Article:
Comparative Advantage and Opportunity Cost

1. Intra-industry trade involves countries exporting and importing the same or very similar goods. Why would countries export and import the same or similar products? Please respond in at least 160 words or more. 2. You are an adviser to a foreign government. Until now, government policy has been to severely limit imports, whic

Macroeconomics Research

1. Absolute and comparative advantage: Explain how these concepts describe the benefits and costs of international trade. 2."Invisible hand": What is it and how does it affect the decision-making process in our economic system? 3.Circular flow diagram: Include the government sector in your explanation, a description of the

Edgeworth Box Diagram for a Society of Two People

Using Edgeworth box diagrams for a society of two people, explain why societies that promote market exchange are likely to be more efficient. Are they also likely to be more equitable? Resource:

Elasticity and Outperforming Command Systems

1) Is it wrong to use the total revenue test for elasticity, when there is a direct relationship between price and total revenue the demand is elastic? 2) Have market systems outperform command systems of economic over the 200 years. 3) The United States is an example of a pure market system of economics without elements of c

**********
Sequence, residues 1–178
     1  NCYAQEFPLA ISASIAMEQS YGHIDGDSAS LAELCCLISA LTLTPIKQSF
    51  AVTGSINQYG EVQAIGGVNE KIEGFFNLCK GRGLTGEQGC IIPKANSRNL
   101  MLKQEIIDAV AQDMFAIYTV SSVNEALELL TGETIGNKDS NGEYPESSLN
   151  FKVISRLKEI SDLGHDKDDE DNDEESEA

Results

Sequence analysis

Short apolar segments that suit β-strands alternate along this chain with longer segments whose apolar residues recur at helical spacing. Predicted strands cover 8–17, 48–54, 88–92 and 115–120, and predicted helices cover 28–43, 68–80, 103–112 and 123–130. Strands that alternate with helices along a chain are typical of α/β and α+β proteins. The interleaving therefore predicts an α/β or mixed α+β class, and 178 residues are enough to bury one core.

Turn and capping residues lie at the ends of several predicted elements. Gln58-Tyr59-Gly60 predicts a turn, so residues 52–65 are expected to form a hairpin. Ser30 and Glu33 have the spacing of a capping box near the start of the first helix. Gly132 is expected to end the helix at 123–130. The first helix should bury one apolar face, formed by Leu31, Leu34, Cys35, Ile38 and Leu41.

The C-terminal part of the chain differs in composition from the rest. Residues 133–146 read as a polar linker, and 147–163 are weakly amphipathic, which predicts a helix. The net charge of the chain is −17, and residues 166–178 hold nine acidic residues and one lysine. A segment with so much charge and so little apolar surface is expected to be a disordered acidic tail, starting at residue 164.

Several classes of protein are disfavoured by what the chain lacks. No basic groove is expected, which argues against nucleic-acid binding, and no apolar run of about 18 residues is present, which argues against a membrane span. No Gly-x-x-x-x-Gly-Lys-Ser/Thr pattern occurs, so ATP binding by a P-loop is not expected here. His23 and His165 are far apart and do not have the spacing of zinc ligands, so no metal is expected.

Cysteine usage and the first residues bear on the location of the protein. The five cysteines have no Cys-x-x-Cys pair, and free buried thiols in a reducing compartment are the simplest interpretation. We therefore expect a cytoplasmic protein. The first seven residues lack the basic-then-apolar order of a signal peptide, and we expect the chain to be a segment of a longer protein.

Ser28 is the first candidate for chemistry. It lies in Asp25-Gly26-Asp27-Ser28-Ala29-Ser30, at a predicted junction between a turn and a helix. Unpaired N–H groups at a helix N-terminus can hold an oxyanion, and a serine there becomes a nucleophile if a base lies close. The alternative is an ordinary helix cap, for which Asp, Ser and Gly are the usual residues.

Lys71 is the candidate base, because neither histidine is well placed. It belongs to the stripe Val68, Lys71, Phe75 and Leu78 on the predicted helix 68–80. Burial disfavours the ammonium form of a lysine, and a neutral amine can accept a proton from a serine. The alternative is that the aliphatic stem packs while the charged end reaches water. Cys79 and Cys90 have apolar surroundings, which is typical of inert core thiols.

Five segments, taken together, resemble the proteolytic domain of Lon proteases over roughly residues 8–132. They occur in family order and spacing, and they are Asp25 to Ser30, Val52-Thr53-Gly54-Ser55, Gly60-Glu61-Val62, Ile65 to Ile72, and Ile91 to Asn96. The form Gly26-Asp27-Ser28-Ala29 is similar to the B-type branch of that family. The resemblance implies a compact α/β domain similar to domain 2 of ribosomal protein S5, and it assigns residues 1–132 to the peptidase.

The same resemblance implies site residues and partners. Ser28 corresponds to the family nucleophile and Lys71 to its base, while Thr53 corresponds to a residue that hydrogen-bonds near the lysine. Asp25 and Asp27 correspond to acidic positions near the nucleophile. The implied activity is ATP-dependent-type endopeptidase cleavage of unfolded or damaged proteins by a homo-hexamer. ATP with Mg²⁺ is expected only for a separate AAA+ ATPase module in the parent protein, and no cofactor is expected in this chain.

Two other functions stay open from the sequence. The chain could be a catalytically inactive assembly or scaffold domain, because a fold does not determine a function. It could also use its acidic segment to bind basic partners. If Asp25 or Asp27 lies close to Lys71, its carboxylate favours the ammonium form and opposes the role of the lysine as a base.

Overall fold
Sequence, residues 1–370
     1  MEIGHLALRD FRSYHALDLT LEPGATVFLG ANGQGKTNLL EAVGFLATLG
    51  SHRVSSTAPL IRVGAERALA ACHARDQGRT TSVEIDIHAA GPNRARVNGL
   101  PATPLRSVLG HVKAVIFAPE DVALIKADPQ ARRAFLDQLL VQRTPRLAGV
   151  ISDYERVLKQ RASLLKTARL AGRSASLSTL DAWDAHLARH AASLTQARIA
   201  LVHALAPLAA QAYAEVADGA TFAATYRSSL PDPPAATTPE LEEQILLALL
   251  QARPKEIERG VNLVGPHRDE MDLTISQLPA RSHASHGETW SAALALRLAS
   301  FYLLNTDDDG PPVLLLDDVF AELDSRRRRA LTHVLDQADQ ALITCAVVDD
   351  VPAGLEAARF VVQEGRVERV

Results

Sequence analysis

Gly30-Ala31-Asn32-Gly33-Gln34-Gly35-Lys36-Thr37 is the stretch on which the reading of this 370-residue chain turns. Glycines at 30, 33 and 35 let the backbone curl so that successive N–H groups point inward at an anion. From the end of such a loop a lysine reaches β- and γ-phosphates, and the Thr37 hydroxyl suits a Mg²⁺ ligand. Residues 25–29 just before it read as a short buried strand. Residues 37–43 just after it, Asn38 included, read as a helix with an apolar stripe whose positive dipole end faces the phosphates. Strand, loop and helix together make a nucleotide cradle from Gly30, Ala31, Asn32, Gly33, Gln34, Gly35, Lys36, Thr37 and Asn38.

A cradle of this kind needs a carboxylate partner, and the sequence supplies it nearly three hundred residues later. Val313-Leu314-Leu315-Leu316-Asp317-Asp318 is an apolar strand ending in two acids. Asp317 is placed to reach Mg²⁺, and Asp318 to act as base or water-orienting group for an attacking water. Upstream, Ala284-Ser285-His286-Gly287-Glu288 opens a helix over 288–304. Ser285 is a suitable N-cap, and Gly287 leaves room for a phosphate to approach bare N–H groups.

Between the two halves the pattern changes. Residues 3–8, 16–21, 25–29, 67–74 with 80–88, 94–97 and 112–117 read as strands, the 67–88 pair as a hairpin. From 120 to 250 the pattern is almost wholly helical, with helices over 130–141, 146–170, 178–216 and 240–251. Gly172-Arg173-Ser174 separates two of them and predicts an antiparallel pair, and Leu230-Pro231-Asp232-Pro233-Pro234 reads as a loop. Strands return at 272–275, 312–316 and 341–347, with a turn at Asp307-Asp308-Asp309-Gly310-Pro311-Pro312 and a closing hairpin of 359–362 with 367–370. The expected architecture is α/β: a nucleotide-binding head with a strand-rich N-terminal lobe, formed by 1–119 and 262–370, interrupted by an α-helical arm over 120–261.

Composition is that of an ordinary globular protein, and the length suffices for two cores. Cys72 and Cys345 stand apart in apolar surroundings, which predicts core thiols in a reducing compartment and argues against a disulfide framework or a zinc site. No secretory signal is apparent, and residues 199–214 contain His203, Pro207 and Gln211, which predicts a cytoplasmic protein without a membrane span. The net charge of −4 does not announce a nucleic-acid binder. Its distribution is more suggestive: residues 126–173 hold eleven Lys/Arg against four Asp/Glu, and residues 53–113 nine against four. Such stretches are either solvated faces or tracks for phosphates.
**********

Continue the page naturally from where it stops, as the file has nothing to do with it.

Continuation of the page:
Economic costs and benefits of international trade

Explains the economic cost of most international trade less than the economic benefit of that trade for both the companies and countries involved using trade and comparative advantage economic theories. Three paragraphs totaling 360 words.

Healthcare Comparison

The Organization for Economic Cooperation and Development (OECD) provides some of the best data and statistics available for comparative international work. Browse its Web site at Compare information between the U.S. and Canada, r

Heckscher-Ohlin theory

For a world in which international trade would be based only on the differences featured in the Heckscher-Ohlin theory, the shift from no trade to free trade is like a zero-sum game." Do you agree or disagree? Why? The Ricardian model emphasizes on theory of comparative advantage, viewed to be the most important concept in in